Location data is powering ad targeting, customer insights, user engagement and campaign measurement and has established equal footing with traditional assets like purchase histories, digital interactions and email response rates. Marketers need to keenly focus on leveraging location data or miss out on crucial opportunities to engage customers and acquire new ones.
For instance, during an Adweek-hosted roundtable last fall, a HotelTonight exec stated that well-timed, location-targeted ads have been “incredibly successful” for the brand. BMW has won accolades for measuring campaign effectiveness with location data when it comes to dealer visits and sales. According to researcher BIA/Kelsey, location-based ad spending in the U.S. will grow to $38.7 billion in 2022, up from $17.1 billion last year.
Such tremendous growth isn’t shocking when one considers positive, tech-based developments in modeling mobile device state (i.e., a consumer’s “state” denotes if he or she is at home, work, on the move, at a restaurant, at a park), quality filtering of device source data, and building “places” (or point-of-interest data), all of which now leverage machine-learning techniques and large data assets for training and modeling.
But even with the growing importance of location data, it’s often also one of the most misunderstood areas in marketing. Let’s demystify the space a little with an overview of the rise of location data and how marketers are increasingly using these insights to target ads, develop customer experiences and build their businesses.
Geofencing garnered early-days buzz
Location data has always been of interest to marketers, but it really came into vogue circa 2010 with brands like Starbucks, The North Face and L’Oreal testing geofencing, a technique that employs GPS or radio frequency identification (RFID) technology, such as beacons, to define a geographic boundary to trigger a location-based mobile ad in real time.
This is the over-referenced use case of, “Cool, Starbucks can send you a notification for a latte coupon when you are close by.” While this example never made much sense to me (Starbucks is never that far away, and I’d just go in if I wanted one), there are plenty of legitimate use cases to drive customers to retail stores.
As a result, the industry started to associate location data with triggering real-time notifications and driving potential customers into stores. While geofencing is a powerful tactic, it has a few inherent issues—such as limited audience reach and notifying consumers during moments when they cannot properly receive messages such as driving a car. It was an interesting opening salvo, but it does not capture the full potential of location data.
Location data has evolved
Marketers were quick to notice the potential of location, and they began to no longer think of it as a real-time-only tool for retailers but rather as a rich data source for multiple use cases. Understanding that a consumer goes to Whole Foods twice a month or golfs every weekend is incredibly leverageable in many ways beyond when they are actually at those places.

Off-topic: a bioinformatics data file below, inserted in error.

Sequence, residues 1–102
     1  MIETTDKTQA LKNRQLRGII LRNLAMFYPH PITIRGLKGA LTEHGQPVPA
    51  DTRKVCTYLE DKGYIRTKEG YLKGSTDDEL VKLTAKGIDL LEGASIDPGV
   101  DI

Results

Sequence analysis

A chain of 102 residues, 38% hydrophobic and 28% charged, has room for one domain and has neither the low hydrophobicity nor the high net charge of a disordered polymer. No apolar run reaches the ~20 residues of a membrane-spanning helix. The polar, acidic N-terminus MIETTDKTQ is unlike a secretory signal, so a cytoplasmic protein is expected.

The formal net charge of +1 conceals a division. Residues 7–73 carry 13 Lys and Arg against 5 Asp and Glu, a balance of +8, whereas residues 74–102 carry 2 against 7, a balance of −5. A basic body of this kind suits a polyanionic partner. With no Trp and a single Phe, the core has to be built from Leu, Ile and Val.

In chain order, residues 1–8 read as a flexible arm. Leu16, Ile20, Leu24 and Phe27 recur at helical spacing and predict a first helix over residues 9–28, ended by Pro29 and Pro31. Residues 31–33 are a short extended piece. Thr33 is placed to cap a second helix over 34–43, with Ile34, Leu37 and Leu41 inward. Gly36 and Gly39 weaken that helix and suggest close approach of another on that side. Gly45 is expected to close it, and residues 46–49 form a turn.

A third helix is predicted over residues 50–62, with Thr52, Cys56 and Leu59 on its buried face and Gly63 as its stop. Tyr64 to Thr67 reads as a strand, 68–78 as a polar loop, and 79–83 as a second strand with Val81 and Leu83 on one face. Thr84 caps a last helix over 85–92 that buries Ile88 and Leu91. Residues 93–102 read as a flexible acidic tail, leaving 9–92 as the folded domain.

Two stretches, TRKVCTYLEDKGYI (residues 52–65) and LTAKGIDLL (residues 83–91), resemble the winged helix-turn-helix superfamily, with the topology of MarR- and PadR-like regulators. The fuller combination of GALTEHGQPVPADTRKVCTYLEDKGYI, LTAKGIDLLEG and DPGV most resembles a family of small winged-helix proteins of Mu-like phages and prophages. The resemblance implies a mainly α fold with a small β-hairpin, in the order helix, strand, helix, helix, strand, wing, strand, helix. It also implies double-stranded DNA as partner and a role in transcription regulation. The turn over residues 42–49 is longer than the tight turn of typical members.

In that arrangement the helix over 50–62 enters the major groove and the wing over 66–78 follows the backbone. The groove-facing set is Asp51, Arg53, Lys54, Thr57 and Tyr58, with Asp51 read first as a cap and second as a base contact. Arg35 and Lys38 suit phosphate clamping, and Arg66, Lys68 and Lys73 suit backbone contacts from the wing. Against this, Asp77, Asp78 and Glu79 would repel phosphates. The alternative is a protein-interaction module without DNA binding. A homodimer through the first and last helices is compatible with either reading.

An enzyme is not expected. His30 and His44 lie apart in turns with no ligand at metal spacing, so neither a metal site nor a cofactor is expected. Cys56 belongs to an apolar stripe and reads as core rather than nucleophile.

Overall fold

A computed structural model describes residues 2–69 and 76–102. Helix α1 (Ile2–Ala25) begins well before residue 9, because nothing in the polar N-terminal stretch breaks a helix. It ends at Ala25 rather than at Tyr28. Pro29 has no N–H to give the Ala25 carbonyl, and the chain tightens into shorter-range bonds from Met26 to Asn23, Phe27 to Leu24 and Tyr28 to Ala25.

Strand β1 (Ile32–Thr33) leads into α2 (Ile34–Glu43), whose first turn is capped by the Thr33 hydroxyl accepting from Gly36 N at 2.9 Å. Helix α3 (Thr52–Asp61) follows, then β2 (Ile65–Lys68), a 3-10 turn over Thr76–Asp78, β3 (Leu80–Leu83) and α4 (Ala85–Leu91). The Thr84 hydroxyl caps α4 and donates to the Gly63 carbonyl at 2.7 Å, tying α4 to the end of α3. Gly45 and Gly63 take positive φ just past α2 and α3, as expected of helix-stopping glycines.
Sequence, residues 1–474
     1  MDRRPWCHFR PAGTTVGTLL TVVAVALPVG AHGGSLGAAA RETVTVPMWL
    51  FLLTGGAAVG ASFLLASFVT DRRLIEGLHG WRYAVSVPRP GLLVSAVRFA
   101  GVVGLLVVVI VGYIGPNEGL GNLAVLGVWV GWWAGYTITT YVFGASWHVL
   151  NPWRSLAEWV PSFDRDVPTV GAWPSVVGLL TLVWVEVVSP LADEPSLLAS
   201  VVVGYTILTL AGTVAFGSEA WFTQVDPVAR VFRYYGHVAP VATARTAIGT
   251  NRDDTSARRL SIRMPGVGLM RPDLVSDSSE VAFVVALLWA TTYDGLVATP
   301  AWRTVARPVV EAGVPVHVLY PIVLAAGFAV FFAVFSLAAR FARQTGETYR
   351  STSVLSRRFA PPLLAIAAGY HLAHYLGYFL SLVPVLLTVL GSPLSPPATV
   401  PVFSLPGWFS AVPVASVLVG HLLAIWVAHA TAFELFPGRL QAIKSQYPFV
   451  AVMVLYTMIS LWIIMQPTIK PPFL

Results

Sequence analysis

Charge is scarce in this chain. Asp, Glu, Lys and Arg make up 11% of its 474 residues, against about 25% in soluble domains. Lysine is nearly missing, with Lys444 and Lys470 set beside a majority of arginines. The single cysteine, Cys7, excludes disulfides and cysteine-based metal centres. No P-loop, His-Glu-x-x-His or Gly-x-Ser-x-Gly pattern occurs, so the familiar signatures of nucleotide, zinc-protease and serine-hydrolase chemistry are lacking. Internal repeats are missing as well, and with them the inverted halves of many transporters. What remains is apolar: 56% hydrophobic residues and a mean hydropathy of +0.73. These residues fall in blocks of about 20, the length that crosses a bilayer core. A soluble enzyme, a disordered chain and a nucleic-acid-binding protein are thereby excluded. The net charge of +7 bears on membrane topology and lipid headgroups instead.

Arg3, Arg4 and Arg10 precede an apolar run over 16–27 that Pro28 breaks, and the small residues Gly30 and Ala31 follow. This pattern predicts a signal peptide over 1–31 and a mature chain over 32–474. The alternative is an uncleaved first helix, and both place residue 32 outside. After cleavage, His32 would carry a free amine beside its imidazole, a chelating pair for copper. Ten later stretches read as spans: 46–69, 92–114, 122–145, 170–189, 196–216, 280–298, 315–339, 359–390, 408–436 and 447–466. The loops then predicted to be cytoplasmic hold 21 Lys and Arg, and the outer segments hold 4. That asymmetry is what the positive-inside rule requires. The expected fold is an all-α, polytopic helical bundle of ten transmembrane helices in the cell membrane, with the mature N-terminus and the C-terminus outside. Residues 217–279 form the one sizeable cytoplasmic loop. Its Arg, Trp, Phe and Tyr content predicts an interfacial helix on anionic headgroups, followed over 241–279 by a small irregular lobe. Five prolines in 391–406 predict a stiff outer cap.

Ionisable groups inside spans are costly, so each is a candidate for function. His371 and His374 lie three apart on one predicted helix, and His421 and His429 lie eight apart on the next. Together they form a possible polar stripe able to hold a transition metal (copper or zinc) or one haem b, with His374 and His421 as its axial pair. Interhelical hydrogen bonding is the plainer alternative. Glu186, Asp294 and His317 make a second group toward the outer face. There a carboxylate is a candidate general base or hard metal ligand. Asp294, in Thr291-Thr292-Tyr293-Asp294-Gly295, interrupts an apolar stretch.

As such, location data soon became more about building sophisticated targeting strategies, measuring campaign effectiveness and gaining deep customer insights. These use cases are along the lines of what marketers were used to doing with purchase data, web browsing data and social data.
This expansion was great validation for location data, and marketers saw results once they realized that location was not for simply driving customers to stores. Verizon provides a good example of this step in location data’s evolution, targeting ad creative at non-customers who have either recently walked into one of the brand’s stores or one of its competitors’ outlets.
What’s next? Even richer datasets
Have we harnessed location data and all of its use cases? Let’s call it a work in progress. Location data isn’t a silver bullet that delivers a sale with one geo-targeted interaction, but we’re getting to the point where an increasing number of brands are fine-tuning how they can maximize location data’s effectiveness. And the time is now; this isn’t a box that can wait to be checked next year—location data is at the heart of why CMOs plan to increase mobile spend by 127 percent in 2018.
What’s more, as people increasingly use mobile and IoT devices, the vast cloud of location data will only become richer and more powerful in ways that we still have not imagined. For example, connected cars will give brands a dynamic look into in-vehicle shopping habits, which may result in store visits or ecommerce purchases. Connected cars will also offer merchants actionable insights on customers’ music listening, podcast and video preferences, voice search activities, etc.
Altogether, if you’re a marketer who has yet to meaningfully incorporate location data into your marketing mix, you are missing out on a big chance to get a leg up on the competition.